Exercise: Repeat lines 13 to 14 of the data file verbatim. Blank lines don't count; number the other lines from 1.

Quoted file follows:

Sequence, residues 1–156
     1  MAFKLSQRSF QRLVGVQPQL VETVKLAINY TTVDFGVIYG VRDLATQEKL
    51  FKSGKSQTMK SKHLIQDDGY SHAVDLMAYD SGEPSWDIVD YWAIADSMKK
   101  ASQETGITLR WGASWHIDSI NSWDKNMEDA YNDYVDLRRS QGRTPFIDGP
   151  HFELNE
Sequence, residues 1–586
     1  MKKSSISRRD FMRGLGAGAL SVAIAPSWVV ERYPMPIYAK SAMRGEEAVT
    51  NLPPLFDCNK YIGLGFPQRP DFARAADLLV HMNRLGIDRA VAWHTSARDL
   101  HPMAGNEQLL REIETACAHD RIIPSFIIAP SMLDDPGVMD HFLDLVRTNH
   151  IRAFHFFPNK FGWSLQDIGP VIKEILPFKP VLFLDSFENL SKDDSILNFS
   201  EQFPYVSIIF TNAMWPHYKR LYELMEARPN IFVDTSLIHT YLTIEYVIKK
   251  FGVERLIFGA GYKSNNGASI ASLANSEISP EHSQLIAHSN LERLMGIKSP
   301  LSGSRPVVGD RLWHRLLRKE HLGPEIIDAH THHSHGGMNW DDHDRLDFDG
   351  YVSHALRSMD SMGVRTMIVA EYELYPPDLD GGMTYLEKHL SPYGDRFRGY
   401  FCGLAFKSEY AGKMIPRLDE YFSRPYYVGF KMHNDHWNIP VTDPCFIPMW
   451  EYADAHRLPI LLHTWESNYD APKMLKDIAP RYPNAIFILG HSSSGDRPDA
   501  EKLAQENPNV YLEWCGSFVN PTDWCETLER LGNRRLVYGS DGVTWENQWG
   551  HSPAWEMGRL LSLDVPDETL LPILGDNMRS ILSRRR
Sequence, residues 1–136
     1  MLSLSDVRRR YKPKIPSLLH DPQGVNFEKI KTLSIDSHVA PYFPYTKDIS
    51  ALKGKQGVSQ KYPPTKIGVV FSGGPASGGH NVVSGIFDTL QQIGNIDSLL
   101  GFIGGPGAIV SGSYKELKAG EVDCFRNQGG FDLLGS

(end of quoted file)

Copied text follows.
   301  LSGSRPVVGD RLWHRLLRKE HLGPEIIDAH THHSHGGMNW DDHDRLDFDG
   351  YVSHALRSMD SMGVRTMIVA EYELYPPDLD GGMTYLEKHL SPYGDRFRGY